>>
>>     
>>> Hi,
>>>
>>> I am just doing some simple research on P2P searches. In my
>>> assumption, all nodes in this system index their own documents and
>>> each node will be able to search all the documents in the network
>>> (including others'). This is just like file sharing. The simple
>>> approach is to keep all the indices locally and to flood the query
>>> along the network. But this may consume much network bandwidth because
>>> too much nodes, which are not relevant to one certain query, are
>>> involved in handling a query.
>>>
>>> So I want to introduce DHT into my system to solve this problem. First
>>> let me explain what DHT is if you don't know about it. Distributed
>>> Hash Table implements a function lookup(key) on a P2P overlay. It
>>> finds the node of nodeID "nearest"  to a certain "key" efficiently,
>>> usually in logN hops, where N is the total number of nodes. Here the
>>> concept "nearest" is not necessarily geographically, but is defined
>>> the DHT implementation. For example, one implementation would define a
>>> key is nearest to a nodeID when |nodeID-key| is the minimum value. DHT
>>> is widely used in P2P file sharing tools, like Azureus and eMule.
>>>
>>> In my design, why I want to partition the indices by keyword is to
>>> well facilitate this lookup(key) function. Suppose we have two terms:
>>> A and B. Term A's docList contains 1, 2, and 3; while term B's docList
>>> contains 2, 3, and 4. To partition the indices, we hashes terms A and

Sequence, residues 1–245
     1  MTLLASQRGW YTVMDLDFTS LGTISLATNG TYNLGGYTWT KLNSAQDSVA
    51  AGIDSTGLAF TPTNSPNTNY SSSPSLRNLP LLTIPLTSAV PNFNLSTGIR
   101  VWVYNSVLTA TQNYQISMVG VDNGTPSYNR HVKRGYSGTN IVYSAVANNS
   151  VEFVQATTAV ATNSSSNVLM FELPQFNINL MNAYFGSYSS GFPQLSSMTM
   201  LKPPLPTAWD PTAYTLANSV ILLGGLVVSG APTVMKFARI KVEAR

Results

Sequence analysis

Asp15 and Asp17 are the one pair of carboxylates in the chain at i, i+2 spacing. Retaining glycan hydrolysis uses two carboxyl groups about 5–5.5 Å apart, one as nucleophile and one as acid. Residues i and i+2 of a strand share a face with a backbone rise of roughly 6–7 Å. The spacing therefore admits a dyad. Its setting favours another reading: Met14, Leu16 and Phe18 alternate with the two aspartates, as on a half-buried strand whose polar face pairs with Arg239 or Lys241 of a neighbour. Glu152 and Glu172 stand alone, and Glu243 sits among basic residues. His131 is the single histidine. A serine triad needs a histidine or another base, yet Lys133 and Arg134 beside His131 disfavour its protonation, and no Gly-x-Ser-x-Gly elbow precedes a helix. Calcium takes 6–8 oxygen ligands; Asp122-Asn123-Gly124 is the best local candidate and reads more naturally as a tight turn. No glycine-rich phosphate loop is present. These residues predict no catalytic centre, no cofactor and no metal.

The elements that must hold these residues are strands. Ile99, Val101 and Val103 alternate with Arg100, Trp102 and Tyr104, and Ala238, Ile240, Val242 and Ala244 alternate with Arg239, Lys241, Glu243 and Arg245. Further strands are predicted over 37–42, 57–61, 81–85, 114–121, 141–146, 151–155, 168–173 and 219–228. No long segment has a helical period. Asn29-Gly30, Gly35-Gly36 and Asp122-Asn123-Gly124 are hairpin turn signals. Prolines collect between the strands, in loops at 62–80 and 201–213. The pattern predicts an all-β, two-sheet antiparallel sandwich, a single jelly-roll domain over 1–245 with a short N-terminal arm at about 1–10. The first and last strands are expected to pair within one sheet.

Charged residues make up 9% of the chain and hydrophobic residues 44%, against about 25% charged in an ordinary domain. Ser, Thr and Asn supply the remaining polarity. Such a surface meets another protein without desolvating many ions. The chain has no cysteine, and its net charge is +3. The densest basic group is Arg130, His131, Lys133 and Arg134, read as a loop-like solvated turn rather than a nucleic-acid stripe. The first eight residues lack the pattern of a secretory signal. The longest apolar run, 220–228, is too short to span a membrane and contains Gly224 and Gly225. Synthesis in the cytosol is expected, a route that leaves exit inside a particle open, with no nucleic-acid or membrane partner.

>>> B to two keys. We transfer the indices to the corresponding nodes
>>> after calling lookup(key). To handle this query, we would again hash
>>> these two terms to two keys, and locate the nodes responsible for the
>>> terms, respectively, also using the lookup(key) function. We finally
>>> do an intersection and get the result "2 and 3". Of course here we
>>> only get a pointer to the actual indexed document, so we still to
>>> fetch the document content after this.
>>>
>>> And I don't think this scheme brings lots of single point of failures
>>> because indices can be replicated on several nodes whose nodeID's are
>>> near to each other. Even one node is down, the lookup(key) function
>>> still finds a substituting node.
>>>
>>> As I don't know how to partition the indices by keyword yet, my design
>>> now is to keep the Lucene indices locally and writes the simplified
>>> inverted indices to the nodes responsible for certain keywords. For
>>> example, node X has the postings like:
>>>
>>> termA: doc1, doc2, doc3
>>> termB: doc2, doc3, doc4
>>>
>>> and lookup(hash(termA)) returns node Y, lookup(hash(termB)) returns
>>> node Z.
>>>
>>> Then in the indexing process, node X writes the info "termA:
>>> nodeX.doc1, nodeX.doc2, nodeX.doc3" on node Y, an the info "termB:
>>> nodeX.doc2, nodeX.doc3, nodeX.doc4" on node Z. At the final step, we
>>> follow this info and go back to node X to get the Lucene Field values